In case you don't know, a game jam is something like a sprint in the developer world. It's a defined time slot (of usually two weeks) in which you have to complete a playable game.
The AdvXJam obviously requires games to be in the narrative genre (like visual novel, point and click adventure, etc.) and featured a topic: "Good Times".
But let's turn the clocks back to start of Covid-19.
I've always had an eye on the indie adventure developer scene and always wanted to release a narrative game myself, but could never really follow it through.
So I thought, maybe I needed a team of fellow artists and together we could actually make a game.
And it was so much fun and I learned a lot.
After it was done I thought, that I really like to make my own game for the jam with a team. I remembered an old short story I wrote around twenty five years ago back in school and thought that this story might have potential for a game.
I started to write a game design document, but again lost the interest in it...
So AdvXJam came and, again, I offered voice acting services.
And then I saw Sally Beaumonts post:
And I thought, that I could ask Sally if she'd be up to turn my old short story into a game.
Well, she was.
So I had Sally on board who also took over voice casting, because she's a professional voice artist.
Then I saw, that Rikard Peterson was offering his services as a musician and found his music to match perfectly a specific scene in the story and asked him if he'd like to join the team and produce the music for the game and we instantly clicked.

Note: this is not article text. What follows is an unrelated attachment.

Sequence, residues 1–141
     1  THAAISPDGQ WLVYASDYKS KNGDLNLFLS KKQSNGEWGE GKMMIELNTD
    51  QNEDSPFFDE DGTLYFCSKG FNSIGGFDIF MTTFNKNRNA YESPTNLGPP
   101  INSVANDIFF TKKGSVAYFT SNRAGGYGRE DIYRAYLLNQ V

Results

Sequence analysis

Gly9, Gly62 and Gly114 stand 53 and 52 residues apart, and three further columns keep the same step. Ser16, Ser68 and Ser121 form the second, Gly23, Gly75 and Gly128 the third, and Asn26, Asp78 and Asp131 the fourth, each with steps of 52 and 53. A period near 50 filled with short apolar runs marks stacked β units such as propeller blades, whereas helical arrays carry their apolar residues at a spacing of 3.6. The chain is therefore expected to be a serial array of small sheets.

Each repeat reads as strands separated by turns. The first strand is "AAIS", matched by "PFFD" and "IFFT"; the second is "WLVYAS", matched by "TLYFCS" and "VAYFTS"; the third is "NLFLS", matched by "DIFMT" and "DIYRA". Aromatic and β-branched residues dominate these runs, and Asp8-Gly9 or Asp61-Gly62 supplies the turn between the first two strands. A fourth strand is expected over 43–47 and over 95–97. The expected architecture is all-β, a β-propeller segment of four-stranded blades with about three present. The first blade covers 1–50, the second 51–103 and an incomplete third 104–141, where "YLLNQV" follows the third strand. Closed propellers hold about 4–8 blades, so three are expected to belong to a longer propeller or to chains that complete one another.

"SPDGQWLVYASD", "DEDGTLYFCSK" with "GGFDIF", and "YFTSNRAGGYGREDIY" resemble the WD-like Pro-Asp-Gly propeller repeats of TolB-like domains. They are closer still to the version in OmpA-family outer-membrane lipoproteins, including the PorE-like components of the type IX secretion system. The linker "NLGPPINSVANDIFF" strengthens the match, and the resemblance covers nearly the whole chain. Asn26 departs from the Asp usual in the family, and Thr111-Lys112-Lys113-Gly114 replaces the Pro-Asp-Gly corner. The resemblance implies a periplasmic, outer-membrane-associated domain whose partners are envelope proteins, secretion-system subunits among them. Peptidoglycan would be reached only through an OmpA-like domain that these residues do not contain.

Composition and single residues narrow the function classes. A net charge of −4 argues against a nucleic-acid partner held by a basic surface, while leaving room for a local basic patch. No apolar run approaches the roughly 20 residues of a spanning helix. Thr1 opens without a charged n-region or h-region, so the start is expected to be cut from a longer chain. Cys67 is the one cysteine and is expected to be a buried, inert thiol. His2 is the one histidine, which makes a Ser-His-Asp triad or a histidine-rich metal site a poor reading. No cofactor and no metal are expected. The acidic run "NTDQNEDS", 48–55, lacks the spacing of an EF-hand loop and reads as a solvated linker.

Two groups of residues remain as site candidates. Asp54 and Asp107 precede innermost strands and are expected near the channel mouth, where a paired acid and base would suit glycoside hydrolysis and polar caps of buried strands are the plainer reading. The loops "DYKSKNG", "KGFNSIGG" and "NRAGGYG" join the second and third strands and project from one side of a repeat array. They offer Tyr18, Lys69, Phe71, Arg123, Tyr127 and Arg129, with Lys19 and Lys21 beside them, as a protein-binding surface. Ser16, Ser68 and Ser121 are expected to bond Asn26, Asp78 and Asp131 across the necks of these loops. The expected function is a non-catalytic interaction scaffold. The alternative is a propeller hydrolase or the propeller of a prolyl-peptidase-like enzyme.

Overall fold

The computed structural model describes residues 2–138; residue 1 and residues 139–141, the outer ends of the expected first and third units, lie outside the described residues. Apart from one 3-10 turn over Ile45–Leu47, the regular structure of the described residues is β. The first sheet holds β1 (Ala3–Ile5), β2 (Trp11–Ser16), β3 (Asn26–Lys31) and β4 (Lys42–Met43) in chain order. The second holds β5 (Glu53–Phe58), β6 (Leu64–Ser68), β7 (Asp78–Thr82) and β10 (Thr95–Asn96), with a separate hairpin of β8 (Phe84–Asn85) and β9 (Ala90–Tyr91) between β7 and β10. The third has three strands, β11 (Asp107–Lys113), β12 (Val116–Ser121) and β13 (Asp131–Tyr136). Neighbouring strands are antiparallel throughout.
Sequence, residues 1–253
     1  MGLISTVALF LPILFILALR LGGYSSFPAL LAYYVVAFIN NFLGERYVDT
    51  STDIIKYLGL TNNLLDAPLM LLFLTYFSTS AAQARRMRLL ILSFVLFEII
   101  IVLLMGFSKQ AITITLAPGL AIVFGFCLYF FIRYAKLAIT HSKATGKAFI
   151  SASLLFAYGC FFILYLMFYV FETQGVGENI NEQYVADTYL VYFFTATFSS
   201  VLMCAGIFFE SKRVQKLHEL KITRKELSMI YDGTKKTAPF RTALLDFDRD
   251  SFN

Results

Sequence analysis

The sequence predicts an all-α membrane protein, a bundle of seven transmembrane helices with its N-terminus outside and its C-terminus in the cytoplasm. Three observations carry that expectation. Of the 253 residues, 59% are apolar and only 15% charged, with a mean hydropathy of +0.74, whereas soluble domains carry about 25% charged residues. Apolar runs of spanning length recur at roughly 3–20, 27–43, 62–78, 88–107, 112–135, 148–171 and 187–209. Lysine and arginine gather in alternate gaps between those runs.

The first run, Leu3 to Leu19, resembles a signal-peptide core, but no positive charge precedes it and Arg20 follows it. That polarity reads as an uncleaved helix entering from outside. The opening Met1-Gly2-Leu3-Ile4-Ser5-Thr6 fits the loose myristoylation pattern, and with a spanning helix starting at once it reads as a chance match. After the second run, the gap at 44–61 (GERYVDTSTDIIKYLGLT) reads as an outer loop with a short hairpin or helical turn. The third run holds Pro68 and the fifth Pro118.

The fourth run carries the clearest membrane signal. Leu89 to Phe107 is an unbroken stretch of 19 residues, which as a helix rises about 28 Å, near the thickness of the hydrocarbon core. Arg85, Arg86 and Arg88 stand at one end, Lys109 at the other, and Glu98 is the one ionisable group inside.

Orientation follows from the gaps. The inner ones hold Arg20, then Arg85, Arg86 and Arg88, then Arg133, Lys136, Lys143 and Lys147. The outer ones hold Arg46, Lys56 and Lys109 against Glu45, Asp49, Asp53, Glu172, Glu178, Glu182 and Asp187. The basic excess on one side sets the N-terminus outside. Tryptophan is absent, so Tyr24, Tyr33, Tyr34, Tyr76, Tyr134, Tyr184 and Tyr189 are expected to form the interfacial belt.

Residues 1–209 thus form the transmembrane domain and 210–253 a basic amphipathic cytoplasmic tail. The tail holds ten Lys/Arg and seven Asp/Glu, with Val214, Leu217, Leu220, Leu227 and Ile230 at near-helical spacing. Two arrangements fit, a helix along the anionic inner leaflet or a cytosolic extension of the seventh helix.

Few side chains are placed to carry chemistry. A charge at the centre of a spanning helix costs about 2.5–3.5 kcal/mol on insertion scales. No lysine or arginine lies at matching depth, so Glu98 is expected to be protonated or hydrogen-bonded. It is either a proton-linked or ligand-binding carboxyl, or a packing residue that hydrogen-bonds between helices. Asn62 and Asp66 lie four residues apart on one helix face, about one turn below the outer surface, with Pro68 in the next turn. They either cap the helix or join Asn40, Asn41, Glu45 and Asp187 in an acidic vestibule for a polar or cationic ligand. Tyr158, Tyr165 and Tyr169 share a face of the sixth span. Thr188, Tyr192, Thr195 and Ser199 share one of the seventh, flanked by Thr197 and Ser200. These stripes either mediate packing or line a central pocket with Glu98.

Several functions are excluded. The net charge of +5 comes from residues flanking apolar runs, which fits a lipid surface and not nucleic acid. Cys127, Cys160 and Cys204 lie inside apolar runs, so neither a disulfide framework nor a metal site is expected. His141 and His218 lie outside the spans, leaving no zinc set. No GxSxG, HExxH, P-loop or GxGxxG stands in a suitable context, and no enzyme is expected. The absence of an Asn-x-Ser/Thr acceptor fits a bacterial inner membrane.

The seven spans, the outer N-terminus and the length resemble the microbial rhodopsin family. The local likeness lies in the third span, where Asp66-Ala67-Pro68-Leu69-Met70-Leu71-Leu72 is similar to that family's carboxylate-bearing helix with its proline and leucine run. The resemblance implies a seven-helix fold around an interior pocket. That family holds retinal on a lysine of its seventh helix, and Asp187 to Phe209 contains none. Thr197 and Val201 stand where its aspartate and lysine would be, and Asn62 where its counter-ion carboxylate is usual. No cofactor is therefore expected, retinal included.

And then I had another member for the team: My son wanted to join as well and draw the characters for the game!
The last one joining the team was Cade Conkle who supported us with awesome sound effects.
Well, if you know narrative games, you know, that writing, music and sound aren't the only disciplines required for such a game.
So the rest would be: background art, animations and programming.
And as I couldn't find an artist, I was the last one who had this on his shoulders.
I thankfully have some of the genes of my father, who can really draw awesome pictures, so I could draw the background images with some exercise.
Animation was a completely different thing. I hate doing hand drawn animations. I'm simply not patient enough to draw sixteen similar images that form an animation.
However, I had some prior background in Blender (which basically means, that I got to know how to navigate and handle it) and together with the cutout animation tools plugin my son could draw static images of my characters, that I could explode into cut out parts and animate them with Blender's awesome skeletal animation features.
Yay! Easy Walkcycles!
Four days before the deadline we had nearly all assets ready and I thought that I just needed to wrap it all together in a game engine. And after that we'd had plenty of time to beta test and optimize.
Narrator: Boy, was he wrong!
I have some prior experience in the wonderful game engine Godot so I had no real problems creating a framework that can run the type of game we made. But actually bringing all assets in, implementing the works of the awesome voice actors we had and making the game interactive was A. Lot. Of. Work
Long story short: I didn't made it to the deadline.
Thankfully, the guys over at the AdvXJam allowed entries past the deadline so after four more hours, I got everything working (well, kinda) and added the game to the jam.
Today I can announce that after final touches and bugfixes I can finally release my first, official game:
An atmospheric narrative game about a pensioner's existential crisis in a dystopian future.
Check it out on itch
I'm so happy to have achieved that. I learned so much and got to know so many awesome people on the way and am forever grateful for their help and support.
That's definitely not the end. I will try to get other games done. The next Adventure Jam is just around the corner and maybe, mayyybe Corona might be over soon so that Adventure X will actually take place next year or 2022 and I can finally meet all this wonderful people.